The new regulations of secret surveillance violates the Constitution of Georgia
The new regulations of secret surveillance fail to ensure the right to privacy and violate the Constitution of Georgia. 

On March 1, during a special session of the parliament a package of legislative amendments was approved with third reading that envisages setting up of a new agency under the State Security Service. 

Members of This Affects You Too campaign believe that approval of the package sets a deplorable precedent of ignoring the Constitutional Court’s decision. Clearly, the reform not only fails to address the problems that exist in Georgia with regards to the right to privacy but also increases the risks of personal data security breach. 
As a result of the reform: 

Control of the personal data protection inspector is reduced – although the Constitutional Court of Georgia found the controlling mechanism that the Inspector has been delegated with to be inadequately effective. The mechanism allows the Inspector to make a decision to initiate or stop telephone tapping and as the result of the reform, the mechanism was further weakened. The Inspector will not longer participate in the process of initiation of telephone tapping and s/he will only maintain the power to stop such measure.  

Wiretapping by covert means will not be carried out from one place but from several structural entities – up until now, the only entity authorized for phone tapping and recording of phone conversations was the operative/technical department of the State Security Service. As a result of the reform, the newly established agency will be authorized to set up geographic offices, which is once again indicative of the large-scale powers of the agency and the risks of illegal interference with the right to privacy.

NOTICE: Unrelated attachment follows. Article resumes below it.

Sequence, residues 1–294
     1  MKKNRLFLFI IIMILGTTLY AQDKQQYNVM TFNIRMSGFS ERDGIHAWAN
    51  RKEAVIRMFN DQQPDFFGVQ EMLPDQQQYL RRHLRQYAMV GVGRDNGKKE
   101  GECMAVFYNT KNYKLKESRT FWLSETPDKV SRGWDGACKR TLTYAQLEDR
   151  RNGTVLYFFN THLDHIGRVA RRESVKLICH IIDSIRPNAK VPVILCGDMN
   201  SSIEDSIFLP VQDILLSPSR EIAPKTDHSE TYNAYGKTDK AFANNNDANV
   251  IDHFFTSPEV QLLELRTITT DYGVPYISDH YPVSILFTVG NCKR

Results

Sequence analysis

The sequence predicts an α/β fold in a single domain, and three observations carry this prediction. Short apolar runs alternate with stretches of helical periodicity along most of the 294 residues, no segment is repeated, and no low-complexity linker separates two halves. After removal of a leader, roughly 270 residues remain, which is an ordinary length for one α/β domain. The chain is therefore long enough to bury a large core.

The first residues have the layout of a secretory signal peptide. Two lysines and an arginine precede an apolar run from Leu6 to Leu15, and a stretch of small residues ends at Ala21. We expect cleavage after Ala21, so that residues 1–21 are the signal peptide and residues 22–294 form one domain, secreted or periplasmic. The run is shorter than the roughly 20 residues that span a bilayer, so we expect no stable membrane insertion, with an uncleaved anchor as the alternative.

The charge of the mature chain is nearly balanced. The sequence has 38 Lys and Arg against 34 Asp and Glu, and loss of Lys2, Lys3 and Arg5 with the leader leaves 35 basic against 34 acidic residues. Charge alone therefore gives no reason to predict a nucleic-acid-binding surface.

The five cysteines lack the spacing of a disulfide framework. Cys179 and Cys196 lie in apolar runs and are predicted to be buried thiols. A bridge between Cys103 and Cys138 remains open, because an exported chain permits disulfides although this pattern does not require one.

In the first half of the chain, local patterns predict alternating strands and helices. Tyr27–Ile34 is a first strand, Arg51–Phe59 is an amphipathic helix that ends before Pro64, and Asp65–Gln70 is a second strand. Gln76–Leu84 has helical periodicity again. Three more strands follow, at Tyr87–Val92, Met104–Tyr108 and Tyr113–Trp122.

The agency set up under the State Security Service will be able to interfere with activities of private companies – except for law enforcement and operative/instigative functions, the Agency will be delegated with certain functions of the Communications Commission: it will participate in the process of licensing of companies, it will have the right to inspect companies that provide electronic communications and demand that they purchase and install certain technical equipment that the agency requires. This will clearly worsen the rights situation of private companies. Delegating the Agency with such powers will eventually threaten the right of privacy of citizens. 

The Agency under the system of the State Security Service will be delegated with broad powers and it will not only carry out phone tapping by covert means but will also implement secret investigative and counter-intelligence activities. The Agency will also take on some of the responsibilities of the National Communications Commission with regards to licensing, inspecting electronic communications companies and demanding that they fulfill certain mandatory technical requirements. 

In addition, the Agency will maintain access to electronic communications, and in light of the broad responsibilities of the new agency, it will continue to have interest in processing large volumes of information (including personal information). Therefore, the risk that the Agency will abuse the above technical capabilities will still exist. 

Because the new regulations introduced by the law adopted on March 1, 2017, fail to ensure privacy of citizens and violates the Constitution of Georgia, This Affects You Too campaign will continue to work on the issue and will try to utilize all available legal mechanisms to change the new law. 

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